I'm bleary eyed writing this, because I didn't get in until midnight from the X show and still had to be up at 5:30 for work, so I had a word with the nice girls at Alterra Coffee in my building, and here I am.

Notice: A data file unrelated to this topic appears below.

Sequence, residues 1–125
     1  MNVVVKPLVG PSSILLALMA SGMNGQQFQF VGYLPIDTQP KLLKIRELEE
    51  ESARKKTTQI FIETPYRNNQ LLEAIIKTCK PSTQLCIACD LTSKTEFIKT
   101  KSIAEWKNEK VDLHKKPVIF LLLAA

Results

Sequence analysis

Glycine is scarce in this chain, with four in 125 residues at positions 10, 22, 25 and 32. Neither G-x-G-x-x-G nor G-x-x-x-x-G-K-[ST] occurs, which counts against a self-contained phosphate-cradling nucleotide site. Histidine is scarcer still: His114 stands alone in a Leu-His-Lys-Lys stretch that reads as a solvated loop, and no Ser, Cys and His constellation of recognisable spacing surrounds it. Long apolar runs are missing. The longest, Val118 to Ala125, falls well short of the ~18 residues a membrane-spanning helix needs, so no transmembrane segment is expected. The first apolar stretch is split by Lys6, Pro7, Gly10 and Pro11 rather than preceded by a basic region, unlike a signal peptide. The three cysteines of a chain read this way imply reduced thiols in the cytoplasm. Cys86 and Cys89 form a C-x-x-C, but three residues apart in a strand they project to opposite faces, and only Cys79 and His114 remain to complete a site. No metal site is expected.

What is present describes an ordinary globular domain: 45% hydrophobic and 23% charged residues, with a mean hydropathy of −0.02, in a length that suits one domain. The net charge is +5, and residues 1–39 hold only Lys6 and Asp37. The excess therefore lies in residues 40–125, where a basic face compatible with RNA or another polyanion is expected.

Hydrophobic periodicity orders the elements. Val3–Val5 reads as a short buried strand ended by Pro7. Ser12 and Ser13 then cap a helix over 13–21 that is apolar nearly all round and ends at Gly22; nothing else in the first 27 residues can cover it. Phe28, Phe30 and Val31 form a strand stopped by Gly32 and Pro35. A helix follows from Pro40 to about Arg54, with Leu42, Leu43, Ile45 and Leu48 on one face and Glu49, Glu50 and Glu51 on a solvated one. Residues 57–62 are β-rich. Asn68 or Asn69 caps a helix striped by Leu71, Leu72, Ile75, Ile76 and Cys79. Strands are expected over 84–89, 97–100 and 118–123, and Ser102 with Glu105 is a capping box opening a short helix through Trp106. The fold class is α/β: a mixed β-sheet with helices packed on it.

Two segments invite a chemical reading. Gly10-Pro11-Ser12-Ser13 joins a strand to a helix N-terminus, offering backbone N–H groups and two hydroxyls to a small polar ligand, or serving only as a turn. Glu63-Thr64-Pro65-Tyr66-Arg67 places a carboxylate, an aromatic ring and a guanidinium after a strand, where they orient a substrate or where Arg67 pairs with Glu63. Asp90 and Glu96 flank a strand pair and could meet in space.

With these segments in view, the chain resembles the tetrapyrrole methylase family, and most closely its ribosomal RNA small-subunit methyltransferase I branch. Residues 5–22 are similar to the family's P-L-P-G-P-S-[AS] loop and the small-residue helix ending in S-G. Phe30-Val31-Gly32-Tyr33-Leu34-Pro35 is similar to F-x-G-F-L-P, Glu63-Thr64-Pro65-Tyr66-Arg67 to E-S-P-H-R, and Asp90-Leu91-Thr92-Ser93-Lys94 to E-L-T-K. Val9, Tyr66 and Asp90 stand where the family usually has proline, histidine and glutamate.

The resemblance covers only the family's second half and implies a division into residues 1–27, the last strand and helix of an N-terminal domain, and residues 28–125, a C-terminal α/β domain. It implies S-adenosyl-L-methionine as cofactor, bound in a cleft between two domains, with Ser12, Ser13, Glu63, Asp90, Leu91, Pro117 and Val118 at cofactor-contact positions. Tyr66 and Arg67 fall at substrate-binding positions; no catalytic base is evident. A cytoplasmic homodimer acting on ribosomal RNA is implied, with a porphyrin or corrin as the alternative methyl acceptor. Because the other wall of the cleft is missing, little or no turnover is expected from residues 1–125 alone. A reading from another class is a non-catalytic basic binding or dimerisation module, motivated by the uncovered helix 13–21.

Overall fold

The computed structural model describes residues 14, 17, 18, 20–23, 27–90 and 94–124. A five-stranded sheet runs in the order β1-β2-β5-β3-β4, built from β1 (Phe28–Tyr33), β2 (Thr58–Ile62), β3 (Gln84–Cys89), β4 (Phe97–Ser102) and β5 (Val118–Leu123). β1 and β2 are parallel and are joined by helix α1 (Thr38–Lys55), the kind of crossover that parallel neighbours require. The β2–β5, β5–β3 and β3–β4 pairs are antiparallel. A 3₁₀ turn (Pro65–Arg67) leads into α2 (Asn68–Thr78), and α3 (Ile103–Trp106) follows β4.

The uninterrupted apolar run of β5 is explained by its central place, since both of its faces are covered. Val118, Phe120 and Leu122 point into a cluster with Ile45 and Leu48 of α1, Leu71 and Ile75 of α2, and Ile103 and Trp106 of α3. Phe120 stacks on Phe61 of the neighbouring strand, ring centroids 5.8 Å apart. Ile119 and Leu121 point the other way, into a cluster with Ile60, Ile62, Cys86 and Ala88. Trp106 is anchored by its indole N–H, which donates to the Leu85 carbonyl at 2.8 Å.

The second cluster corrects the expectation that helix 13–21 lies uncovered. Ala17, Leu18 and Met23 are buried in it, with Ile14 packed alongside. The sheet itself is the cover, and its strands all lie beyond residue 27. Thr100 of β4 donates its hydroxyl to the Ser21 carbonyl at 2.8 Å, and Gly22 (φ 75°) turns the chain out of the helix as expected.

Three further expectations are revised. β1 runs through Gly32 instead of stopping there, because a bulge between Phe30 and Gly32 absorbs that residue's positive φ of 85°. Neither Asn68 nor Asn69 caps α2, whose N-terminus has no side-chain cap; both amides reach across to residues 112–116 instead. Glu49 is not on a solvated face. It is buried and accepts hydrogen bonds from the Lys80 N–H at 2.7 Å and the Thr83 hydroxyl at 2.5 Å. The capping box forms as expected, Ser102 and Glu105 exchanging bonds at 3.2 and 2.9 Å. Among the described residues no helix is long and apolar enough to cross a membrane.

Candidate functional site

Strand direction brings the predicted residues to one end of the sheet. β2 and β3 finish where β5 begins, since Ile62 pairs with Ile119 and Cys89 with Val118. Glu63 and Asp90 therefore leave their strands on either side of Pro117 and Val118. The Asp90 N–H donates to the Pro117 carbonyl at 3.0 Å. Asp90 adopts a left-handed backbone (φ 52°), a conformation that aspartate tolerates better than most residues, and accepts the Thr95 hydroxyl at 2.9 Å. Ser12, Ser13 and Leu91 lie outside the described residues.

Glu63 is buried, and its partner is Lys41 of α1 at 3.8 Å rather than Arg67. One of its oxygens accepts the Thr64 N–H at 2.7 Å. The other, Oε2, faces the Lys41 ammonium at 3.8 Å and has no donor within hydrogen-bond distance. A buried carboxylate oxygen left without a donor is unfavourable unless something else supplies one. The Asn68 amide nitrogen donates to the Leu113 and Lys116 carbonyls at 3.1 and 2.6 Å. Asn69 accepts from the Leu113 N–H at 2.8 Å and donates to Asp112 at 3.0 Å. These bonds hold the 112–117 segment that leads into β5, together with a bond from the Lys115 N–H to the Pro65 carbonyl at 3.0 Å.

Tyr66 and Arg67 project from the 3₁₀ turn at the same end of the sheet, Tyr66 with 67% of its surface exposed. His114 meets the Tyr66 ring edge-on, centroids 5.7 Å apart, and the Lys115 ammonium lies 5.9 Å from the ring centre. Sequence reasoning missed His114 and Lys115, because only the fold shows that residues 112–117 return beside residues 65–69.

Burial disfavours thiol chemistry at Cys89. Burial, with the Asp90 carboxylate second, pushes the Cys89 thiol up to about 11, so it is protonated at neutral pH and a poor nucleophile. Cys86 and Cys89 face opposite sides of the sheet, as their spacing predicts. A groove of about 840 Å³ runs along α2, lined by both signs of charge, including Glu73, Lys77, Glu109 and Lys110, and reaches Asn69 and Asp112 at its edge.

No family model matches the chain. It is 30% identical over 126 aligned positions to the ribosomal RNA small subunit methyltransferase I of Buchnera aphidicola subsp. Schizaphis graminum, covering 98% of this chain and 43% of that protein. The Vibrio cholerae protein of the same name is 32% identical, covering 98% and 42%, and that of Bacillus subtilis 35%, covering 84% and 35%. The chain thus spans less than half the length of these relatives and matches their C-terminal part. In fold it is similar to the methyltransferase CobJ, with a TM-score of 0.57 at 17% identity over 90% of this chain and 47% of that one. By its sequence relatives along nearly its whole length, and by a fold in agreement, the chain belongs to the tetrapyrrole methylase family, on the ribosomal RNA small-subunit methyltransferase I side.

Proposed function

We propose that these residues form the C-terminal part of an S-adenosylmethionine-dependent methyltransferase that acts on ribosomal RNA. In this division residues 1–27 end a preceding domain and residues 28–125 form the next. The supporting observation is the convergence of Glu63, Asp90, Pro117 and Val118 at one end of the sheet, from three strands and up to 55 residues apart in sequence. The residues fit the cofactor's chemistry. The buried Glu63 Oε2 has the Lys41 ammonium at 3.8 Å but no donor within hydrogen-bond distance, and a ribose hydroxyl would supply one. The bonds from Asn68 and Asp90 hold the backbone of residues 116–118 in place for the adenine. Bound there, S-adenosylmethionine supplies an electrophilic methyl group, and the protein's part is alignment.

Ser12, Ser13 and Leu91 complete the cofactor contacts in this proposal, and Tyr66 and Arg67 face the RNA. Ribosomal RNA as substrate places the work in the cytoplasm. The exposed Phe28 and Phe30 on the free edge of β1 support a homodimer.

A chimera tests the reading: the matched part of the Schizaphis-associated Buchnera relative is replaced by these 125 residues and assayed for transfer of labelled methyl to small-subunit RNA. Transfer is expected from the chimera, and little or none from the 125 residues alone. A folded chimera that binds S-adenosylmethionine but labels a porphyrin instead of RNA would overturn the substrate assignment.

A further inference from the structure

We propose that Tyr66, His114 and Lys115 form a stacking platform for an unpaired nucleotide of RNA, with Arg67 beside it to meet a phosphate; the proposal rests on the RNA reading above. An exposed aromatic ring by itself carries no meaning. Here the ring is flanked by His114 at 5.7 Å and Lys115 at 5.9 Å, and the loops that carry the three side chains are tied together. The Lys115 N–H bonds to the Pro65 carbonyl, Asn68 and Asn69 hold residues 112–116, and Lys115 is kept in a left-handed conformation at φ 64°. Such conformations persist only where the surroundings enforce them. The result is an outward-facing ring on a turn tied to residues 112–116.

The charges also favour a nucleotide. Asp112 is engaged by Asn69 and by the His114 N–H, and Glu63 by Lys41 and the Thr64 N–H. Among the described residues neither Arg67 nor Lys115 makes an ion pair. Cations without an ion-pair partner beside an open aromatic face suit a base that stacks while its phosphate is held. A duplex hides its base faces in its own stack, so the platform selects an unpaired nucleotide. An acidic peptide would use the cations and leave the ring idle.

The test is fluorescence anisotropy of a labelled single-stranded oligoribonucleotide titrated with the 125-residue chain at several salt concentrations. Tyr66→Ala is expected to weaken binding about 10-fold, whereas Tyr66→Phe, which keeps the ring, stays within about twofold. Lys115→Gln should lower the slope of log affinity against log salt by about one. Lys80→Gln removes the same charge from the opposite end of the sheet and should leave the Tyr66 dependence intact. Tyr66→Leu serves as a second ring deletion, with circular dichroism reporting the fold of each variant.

Mixed crowd at the Rave last night: lots of people our age, some younguns, some parents bringing their teenagers as well: "Kid, this is what I was into when I was your age. And they still rock. That should tell you something." We ran into a lot of our friends, and I felt like I was at a high school reunion at a school I transferred into my senior year: this was my generation, my music, and a lot of my friends, but Milwaukee wasn't where I spent a majority of those years -- Champaign, IL was. Still, the commonalities were the same: the reminiscing about how you could actually hang off the stage in 1982, the amazement that they still rock as hard as they do, all the T-shirts from the era that people dug out of their closets. Besides X and Rollins and Black Flag shirts (last time I saw Rollins in person he WAS with Black Flag, that's how long it's been!) I spotted plenty of Misfits, Dead Kennedys, Clash, Circle Jerks, Fear, Replacements, all the great midwest and west coast late 70s early 80s punk americana. How comfortable it all felt.